The Examined Life Conference: The Vital and Energetic Interplay of the Somatic, the Affective and the Cognitive in an Audience’s Experience of Theater
University of Iowa, Room 1110 Medical Education Research Facility (MERF) — Friday, Oct. 25 at 1 p.m.
Creative Matters Lecture Series: Anne Bogart
Hancher Auditorium, Strauss Hall — Friday, Oct. 25 at 7 p.m.
SITI Company Presents: The Bacchae
Hancher Auditorium — Saturday, Oct. 26 at 7:30 p.m.
Anne Bogart has influenced decades of actors and directors as one of the most formidable minds in American theater. She trained at Bard College and New York University’s Tisch School of the Arts. Bogart currently serves as one of three co-artistic directors of SITI Company, which she founded in 1992 with Japanese director Tadashi Suzuki. SITI Company is currently touring its recent production of Euripides’ The Bacchae, in a new translation by Aaron Poochigian. The show (a portion of which is performed in Japanese) brings Bogart to Iowa City for a production at Hancher Auditorium on Saturday, Oct. 26 at 7:30 p.m. Tickets are $10-45.
The Viewpoints training technique, which grew over several decades out of Mary Overlie’s Six Viewpoints theory, was formalized by Bogart and Tina Landau (Steppenwolf Theatre Company) in The Viewpoints Book, providing an invaluable resource for students and educators who had long admired their work. Viewpoints provides a tangible, physical grounding practice as well as an overarching philosophical practice for theater artists and ensembles.
At Columbia University, where she has worked as a professor since 1993 and where she currently heads the graduate directing program, Bogart has trained some of the most exciting names in recent theater, including Diane Paulus, whose 2013 Pippin revival earned her a Tony Award, and Rachel Chavkin, who won a Tony this year for directing Hadestown.
In addition to the performance of The Bacchae, Bogart will speak on Friday, Oct. 25 at 1 p.m. as part of this weekend’s Examined Life Conference, the 13th annual University of Iowa Carver College of Medicine exploration of the link between medicine and the arts. On Friday night at 7 p.m., she will deliver the second lecture in the UI Creative Matters lecture series for the 2019-20 school year. Both events are free and open to the public.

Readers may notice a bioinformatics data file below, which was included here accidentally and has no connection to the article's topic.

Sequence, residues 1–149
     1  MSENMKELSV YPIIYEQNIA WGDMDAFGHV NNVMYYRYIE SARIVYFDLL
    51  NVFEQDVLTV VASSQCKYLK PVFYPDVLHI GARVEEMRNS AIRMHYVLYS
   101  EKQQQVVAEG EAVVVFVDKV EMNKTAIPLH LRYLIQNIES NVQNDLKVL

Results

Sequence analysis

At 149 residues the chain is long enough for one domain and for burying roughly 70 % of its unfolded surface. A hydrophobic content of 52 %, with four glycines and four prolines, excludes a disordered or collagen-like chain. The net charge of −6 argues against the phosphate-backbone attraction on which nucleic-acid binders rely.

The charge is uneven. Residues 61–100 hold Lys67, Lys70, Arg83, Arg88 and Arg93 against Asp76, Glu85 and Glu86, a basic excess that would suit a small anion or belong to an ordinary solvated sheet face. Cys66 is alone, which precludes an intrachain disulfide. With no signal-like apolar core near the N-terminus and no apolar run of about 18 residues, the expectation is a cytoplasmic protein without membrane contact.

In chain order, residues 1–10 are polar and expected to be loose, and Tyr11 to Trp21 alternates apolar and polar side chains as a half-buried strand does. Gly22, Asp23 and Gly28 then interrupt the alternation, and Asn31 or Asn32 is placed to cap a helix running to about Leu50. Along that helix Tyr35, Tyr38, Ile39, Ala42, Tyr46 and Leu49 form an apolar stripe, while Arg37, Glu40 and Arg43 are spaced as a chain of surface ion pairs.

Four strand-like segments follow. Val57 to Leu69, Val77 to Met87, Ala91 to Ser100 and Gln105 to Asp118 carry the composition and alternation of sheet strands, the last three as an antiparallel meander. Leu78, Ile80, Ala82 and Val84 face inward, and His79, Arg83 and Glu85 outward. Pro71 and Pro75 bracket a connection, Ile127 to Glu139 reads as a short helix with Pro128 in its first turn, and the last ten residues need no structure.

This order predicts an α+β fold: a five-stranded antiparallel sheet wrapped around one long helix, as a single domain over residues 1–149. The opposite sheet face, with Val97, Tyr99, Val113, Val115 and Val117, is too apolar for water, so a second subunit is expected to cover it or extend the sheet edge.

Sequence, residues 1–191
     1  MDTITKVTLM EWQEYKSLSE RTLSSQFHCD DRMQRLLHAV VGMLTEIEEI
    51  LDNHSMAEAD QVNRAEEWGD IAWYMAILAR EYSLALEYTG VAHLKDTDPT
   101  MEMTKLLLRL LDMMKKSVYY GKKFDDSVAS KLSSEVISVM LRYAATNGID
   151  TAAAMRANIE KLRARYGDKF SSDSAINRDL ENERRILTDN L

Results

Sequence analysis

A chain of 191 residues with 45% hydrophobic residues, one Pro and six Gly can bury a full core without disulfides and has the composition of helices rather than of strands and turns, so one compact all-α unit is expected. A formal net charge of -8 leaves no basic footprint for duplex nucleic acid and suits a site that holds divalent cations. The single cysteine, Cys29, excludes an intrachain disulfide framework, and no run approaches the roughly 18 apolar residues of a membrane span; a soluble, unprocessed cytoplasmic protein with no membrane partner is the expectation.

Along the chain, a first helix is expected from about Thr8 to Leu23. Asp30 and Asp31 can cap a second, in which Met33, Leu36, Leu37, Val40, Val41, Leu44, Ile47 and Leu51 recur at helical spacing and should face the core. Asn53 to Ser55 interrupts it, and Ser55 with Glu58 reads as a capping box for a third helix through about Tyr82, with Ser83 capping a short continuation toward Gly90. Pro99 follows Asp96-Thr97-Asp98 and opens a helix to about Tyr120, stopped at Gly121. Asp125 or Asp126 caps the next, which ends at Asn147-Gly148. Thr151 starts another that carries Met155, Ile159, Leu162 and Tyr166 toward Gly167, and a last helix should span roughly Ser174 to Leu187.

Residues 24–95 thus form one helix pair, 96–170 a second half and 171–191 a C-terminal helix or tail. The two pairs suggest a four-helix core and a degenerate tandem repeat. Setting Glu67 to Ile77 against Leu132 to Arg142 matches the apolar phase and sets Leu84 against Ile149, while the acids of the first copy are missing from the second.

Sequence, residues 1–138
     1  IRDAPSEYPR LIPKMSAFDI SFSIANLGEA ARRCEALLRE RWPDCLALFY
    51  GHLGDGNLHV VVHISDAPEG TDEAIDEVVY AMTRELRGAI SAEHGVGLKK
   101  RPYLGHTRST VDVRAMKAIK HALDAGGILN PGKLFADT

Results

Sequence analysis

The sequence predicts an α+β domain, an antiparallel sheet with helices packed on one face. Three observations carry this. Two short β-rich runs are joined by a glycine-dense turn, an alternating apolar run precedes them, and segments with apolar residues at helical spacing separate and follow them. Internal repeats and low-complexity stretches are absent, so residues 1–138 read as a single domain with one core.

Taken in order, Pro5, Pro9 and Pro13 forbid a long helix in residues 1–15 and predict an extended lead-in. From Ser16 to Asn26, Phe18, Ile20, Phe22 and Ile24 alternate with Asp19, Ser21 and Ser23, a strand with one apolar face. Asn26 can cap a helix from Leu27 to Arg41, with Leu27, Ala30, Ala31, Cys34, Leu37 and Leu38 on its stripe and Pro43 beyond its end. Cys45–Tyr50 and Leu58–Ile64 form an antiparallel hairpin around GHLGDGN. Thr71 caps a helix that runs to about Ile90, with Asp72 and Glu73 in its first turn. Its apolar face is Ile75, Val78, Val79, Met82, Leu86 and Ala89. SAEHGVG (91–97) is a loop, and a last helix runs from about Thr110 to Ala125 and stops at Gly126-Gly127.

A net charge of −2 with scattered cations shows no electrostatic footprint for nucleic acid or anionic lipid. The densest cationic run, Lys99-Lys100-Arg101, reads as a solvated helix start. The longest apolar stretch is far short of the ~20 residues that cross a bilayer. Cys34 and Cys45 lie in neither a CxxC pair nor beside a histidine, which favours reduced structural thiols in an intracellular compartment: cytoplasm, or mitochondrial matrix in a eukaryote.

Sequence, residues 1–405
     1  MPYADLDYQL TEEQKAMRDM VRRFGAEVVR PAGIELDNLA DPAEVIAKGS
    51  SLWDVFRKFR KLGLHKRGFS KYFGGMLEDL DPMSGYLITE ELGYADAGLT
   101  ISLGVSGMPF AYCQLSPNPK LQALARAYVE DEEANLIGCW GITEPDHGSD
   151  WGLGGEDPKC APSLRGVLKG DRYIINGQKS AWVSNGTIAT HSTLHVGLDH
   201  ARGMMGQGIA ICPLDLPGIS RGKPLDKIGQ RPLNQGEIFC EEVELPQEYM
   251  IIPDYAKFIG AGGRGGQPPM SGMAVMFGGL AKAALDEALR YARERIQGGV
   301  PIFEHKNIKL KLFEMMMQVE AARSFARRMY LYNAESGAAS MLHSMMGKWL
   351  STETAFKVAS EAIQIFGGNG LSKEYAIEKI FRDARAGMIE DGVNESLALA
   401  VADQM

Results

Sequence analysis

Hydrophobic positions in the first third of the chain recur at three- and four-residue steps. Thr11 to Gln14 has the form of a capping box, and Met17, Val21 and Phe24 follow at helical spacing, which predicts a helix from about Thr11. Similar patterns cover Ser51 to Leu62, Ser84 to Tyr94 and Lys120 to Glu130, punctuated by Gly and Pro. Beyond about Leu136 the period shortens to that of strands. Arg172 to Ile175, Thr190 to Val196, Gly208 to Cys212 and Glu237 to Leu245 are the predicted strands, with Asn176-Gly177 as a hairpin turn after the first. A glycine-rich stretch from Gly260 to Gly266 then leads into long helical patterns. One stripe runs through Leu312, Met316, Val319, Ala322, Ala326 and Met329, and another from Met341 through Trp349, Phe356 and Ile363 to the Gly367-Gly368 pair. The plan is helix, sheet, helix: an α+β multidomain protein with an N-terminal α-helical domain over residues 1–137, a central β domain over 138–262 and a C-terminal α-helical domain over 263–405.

Bogart answered questions for our “Five questions with …” series via email.
In the decades since you codified your Viewpoints approach, what about it has felt most enduring and timeless? What aspects of it have evolved?
The event of actors listening and responding to one another and creating work for an audience in the moment — starting with a blank page and making significant compositional moments together based upon listening and responding — is the most enduring and timeless aspect of the Viewpoints.
Producing new work is a core value of SITI. Do you collaborate closely with playwrights through the development process? Is there a flexibility built into your directorial process to navigate that collaboration?
The key is the word that you use, “flexibility.” We do indeed work with many living playwrights and it is always a collaboration and in collaboration with them, but with each one and with each project it is a different story entirely, based upon the specifics of the project and the challenges that the particular play provides.
What is similar and different, then, when you approach directing a play like The Bacchae, which has only ever been produced posthumously? How do you access what you need for the translation of the work to the stage?
When we embody a classic play like The Bacchae, I am interested in including the history of the play and all of its previous productions into our consideration about how to stage it it today. For example: If playing Stanley in A Streetcar Named Desire, do you pretend that Marlon Brando never performed the role? What do you do with the ghost and memory of Marlon Brando? It certainly exists in the audience’s imagination, and so how do you incorporate that memory into your body?
In a blog post from earlier this week, you wrote that “the art experience requires the audience’s participation in solving a slightly elusive mystery.” You raise the question of how an artist can draw that commitment from an audience — what about other factors? In what ways can people ready themselves to be more collaborative audiences? What role, if any, do you feel arts criticism plays?
Art critics should be art enthusiasts, literally in love with the art form and overflowing with curiosity and interest. Their job is to infect potential audiences with their own interest by contextualizing and communicating their enthusiasms and insights.
As for the kind of commitment an audience brings: Shut down all social media and the outside world for the time allotted for the production and enter into the very particular world, logic and language of the play that you are experiencing. The director Bill Ball said in his book A Sense of Direction that he thought of audiences as heroic because they had agreed to not think about themselves for the two hours.
What is the most exciting, surprising and/or revelatory moment you had as a director over the course of your most recent production? What, currently, in theater, inspires you to grow, either as a director or as an educator?
We recently created a new production with the STREB company entitled Falling & Loving. Everyone thought that the process was going to be a battle and a struggle — a battle between SITI actors and STREB dancers, a struggle between Elizabeth Streb and me and between our two administrations. It turned out to be a love story, and the production reflected that love.
My MFA directing students at Columbia are a constant inspiration to me. Where they are heading, what they are thinking, how they handle making art in the current environment teaches me how to change and develop.